The Key to Commerce

by Jeff Tryon

Long before For Bare Feet made it Brown County’s industrial hub, Helmsburg was always the home of various small manufacturing concerns. And back in the days when the railroad was king, Helmsburg was the key to commerce and industry here.

It was the railroad which created Helmsburg.

When the Illinois Central came through the farm of John Helms about 1906 bringing freight, mail, and passengers, he built a large livery stable to transport people to the county seat at Nashville. Several families began moving in nearby, and soon other business enterprises sprung up, including stores, a sawmill, and Joshua Bond’s undertaking establishment.

The little settlement grew and was called Helmsburg.

If someone from Indianapolis wanted to visit Nashville, they could catch the Indianapolis Southern and ride to Helmsburg, where a throng of men hollering like carnival barkers, solicited the business of hauling people and baggage to the county seat. At least three different “hack” lines competed.

Early Brown County Historian Ray Mathis noted, “It was quite interesting event at Helmsburg when the train came in.”

Folks often turned out to see the train come in and “meet the mail.” Chickens in crates, wire fence, and farm implements joined piles of crossties on the freight dock. There were pens for cattle, hogs, and sheep.

Although the heyday of Helmsburg was “before my time” longtime resident Bob Richards does remember when trains played a key role in the daily life of Helmsburg.

“I can remember when passenger trains and freight trains both stopped there,” Mr. Richards said. “They used to haul coal in there. After I started driving a truck, we unloaded a lot of carloads of coal. We used to unload coal there almost every fall and haul it to Nashville to the courthouse.”

When Gregg and Tucker started a hardware business in Nashville, Mr. Richards was among truckers who would haul cement, lumber, and other materials to Nashville.

“That was before World War II,” he said. “I can remember when there were cattle pens there and Ira Yoder used to buy cattle around the country. He’d make up enough for a car load and they’d put a cattle car in there to haul to Indianapolis.

“During World War II, people that worked in Indianapolis, some of them would ride the train,” he said. “The passenger trains, except for the Christmas Train they have every year, haven’t been there since shortly after World War II. The freight trains stopped, I’d say up until the late 60’s, I don’t really know for sure.”

Although he may not have known it in it’s prime, Mr. Richards does recall a larger and more robust Helmsburg.

“I can remember when there were five places in Helmsburg that you could buy gasoline,” he said. “There were four grocery stores.”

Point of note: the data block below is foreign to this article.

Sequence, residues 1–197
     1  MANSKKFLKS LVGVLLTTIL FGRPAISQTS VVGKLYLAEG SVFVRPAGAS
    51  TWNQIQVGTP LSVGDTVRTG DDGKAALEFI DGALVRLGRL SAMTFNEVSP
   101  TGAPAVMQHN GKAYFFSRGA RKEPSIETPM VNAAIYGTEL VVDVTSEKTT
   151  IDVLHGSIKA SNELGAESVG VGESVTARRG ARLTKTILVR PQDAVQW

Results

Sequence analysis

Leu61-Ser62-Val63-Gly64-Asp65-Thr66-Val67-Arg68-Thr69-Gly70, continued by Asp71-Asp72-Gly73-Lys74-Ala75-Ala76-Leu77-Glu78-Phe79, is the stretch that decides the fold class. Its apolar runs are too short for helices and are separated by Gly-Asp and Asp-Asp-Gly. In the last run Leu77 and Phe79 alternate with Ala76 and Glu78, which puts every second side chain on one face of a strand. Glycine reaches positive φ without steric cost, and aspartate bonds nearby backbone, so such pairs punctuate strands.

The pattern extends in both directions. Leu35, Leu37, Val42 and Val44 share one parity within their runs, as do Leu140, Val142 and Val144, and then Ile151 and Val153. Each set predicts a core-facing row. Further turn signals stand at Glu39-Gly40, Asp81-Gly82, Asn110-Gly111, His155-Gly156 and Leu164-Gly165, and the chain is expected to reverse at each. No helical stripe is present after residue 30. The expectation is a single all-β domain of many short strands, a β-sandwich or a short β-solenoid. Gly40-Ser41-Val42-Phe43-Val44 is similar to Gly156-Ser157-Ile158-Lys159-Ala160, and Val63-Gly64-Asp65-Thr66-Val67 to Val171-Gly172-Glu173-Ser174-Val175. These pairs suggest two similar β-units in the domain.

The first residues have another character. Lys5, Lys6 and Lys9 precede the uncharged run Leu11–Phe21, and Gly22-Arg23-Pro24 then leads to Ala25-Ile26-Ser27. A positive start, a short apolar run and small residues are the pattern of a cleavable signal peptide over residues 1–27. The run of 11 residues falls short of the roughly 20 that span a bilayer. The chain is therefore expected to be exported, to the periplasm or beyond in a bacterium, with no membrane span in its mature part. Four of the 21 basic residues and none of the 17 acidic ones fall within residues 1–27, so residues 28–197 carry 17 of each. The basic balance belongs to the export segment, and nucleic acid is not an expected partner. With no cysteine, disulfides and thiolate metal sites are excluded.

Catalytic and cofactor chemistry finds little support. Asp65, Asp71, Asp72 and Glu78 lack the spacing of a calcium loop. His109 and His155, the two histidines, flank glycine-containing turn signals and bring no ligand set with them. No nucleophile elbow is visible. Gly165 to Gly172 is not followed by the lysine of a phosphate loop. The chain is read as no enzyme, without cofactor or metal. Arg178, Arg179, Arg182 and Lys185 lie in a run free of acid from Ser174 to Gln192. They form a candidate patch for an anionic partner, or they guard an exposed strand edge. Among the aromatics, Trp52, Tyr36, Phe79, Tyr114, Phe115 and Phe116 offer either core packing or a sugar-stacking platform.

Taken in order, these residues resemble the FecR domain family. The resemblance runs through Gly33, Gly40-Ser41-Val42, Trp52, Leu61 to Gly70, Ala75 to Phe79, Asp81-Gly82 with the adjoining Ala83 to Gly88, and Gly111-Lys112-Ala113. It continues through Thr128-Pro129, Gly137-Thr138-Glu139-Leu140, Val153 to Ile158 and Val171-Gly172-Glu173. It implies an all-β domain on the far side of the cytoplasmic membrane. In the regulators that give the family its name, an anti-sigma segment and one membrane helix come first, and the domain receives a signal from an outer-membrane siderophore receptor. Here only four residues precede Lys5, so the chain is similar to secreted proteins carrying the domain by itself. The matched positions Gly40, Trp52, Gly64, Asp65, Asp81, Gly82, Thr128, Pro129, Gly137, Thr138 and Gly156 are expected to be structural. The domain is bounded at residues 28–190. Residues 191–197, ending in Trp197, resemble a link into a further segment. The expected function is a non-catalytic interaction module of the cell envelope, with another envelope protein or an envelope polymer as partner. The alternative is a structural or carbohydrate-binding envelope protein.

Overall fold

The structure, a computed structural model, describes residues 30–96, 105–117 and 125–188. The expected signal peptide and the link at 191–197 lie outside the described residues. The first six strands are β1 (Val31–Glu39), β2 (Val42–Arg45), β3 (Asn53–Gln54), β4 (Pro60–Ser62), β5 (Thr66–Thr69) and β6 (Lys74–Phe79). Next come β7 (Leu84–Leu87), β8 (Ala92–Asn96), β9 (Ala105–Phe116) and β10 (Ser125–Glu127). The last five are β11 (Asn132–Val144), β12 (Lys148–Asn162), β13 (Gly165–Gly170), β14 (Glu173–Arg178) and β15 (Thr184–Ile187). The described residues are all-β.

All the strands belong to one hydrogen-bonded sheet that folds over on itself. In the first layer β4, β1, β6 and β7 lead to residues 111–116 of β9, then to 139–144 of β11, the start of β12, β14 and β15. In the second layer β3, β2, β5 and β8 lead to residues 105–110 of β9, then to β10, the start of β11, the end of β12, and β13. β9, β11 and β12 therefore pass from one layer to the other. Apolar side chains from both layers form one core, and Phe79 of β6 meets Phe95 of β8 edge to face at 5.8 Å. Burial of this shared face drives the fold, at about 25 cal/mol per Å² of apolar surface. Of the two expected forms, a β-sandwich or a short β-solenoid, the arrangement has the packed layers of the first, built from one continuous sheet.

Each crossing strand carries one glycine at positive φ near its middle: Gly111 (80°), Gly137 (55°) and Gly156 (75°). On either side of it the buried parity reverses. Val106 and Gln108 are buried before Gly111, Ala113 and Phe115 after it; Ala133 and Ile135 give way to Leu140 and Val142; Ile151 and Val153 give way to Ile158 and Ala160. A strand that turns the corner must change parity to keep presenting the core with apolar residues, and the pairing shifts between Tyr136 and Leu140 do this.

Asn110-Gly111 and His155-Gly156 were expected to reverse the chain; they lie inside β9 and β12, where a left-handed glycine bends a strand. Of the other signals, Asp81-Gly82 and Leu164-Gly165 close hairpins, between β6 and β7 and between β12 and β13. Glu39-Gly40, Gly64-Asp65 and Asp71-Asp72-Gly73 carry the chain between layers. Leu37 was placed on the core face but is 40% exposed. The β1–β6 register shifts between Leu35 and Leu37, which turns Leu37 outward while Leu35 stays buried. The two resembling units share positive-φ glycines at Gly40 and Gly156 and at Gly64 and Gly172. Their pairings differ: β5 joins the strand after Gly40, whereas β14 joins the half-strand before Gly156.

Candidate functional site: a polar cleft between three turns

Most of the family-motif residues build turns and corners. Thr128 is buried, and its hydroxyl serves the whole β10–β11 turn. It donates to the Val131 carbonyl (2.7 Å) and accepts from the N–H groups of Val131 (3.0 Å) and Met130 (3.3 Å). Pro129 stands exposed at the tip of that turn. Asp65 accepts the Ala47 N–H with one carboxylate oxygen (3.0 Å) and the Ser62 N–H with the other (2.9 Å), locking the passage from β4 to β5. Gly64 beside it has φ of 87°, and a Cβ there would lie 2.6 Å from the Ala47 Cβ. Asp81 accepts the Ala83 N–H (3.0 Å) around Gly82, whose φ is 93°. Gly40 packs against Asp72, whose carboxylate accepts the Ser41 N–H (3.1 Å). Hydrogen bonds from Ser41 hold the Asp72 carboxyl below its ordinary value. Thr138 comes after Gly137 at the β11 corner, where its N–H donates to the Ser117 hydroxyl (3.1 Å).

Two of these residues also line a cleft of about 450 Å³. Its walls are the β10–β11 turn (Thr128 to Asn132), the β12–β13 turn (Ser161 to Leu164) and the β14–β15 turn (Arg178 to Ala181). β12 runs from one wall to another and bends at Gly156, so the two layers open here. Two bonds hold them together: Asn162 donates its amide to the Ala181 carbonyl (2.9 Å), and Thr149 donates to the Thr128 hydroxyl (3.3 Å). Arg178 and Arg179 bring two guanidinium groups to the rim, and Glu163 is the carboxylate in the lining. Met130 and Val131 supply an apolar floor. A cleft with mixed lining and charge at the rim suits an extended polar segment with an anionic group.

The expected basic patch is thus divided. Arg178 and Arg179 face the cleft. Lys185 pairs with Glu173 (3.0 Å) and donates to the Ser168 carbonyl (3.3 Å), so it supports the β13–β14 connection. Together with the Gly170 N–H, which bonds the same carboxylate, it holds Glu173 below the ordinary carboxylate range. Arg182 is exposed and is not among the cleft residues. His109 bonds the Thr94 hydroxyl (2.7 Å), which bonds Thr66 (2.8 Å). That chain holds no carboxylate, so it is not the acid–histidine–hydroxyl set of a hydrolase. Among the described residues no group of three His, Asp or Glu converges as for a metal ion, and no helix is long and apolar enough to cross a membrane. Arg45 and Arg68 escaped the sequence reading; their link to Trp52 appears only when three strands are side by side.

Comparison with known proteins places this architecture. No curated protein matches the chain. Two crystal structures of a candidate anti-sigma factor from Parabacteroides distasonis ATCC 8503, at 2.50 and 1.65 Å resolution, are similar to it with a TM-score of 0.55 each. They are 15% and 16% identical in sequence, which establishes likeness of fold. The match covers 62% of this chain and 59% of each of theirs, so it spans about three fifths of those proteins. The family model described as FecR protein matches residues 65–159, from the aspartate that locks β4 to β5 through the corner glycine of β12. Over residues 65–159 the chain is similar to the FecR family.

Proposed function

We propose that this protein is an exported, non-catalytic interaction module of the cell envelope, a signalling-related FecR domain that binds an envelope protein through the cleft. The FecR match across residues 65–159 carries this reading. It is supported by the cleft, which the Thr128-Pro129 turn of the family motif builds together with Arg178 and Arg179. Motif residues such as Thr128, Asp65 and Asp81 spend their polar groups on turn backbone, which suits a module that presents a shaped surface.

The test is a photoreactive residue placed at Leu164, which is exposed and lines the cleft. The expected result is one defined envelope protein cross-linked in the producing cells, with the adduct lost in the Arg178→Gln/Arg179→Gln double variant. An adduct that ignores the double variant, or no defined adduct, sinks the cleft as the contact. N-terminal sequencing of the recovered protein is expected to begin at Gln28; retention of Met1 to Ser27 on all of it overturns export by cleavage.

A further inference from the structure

His brother owned one of three sawmills in Helmsburg for 30 years after buying out Art West. He eventually sold it to current owner Bill Pool. “Clifford Marsh had a big band mill and at one time it was by far the biggest sawmill in Brown County,” Mr. Richards said. “Vernice Walker had a sawmill over where the so-called Helmsburg Airport is, behind where Standard Oil used to be. Then there was one in front of the Yoder place where Bill Pool has his lumber storage shed.

“I think there were only two that were operational at any one time,” he said.

The mills sawed some barn lumber, but mostly railroad ties, which were usually hauled by truck to Columbus or Bloomington.

Mr. Richards recalls the beginnings of one of Helmsburg’s best remembered industries, the Cullum Mop and Broom factory.

He and James Cullum Jr. graduated in the same Helmsburg High School class of 1941.

“When I came home from the service, I started doing hauling and trucking,” Mr. Richards recalled. “He asked if I wanted to go up to Tipton and pick up broom making equipment. I said, ‘Well, I’ll haul anything I can get in my truck.’

“So we went up and got it. I’m sure it was 1946.”

Mr. Cullum bought machinery from the MacIntosh Broom Works to start the Hiawatha Broom Works, later Cullum Broom and Mop Co. It eventually employed eight or nine people before dwindling back down to a one-man operation. It is now closed.

Is Helmsburg making a comeback?

“They do have the sock factory there, which I think is a great thing, and they’ve got the metal fabrication place on the south side of the railroad tracks,” Mr. Richards said.

Helmsburg is experiencing some growth in its residential and business community. Today’s commerce includes: general store, sock factory, sawmill, boutique and tea room, coffee shop and gallery, metal fabricator, storage facilities, two antique shops, excavator, electrical contractor, massage therapist, and publisher.

The Helmsburg Association, a collection of local business owners and residents, will hold the third annual HELMSBURG FESTIVAL Saturday, May 18, rain or shine. This event is building community spirit for Helmsburg’s future. The party continues to grow each year and is increasing the public’s awareness of this little historical village. Come celebrate Helmsburg’s heritage in a day full of fun.


musical entertainment, yard sales, flea markets,
children’s activities, craft booths, food, Helmsburg
history display, antique tractors, radio-controlled
airplanes, and sawmill tours


FRANK JONES (9:00 – 10:00)
SARAH FLINT & TIM TRYON (11:00 – 12:00)
WALTER & LIZ BOHALL (12:00 – 1:00)
PAT & CHRIS WEBB (1:00 – 2:00)
LOU STANT (2:00 – 3:00)

And Special Guests KLUG & BOWDEN (3:00 – 4:00)

For more festival information call Jenny Austin, shop: 812-988-1740 home: 812-988-7447. For booth space rental call Gary Link: 812-988-2189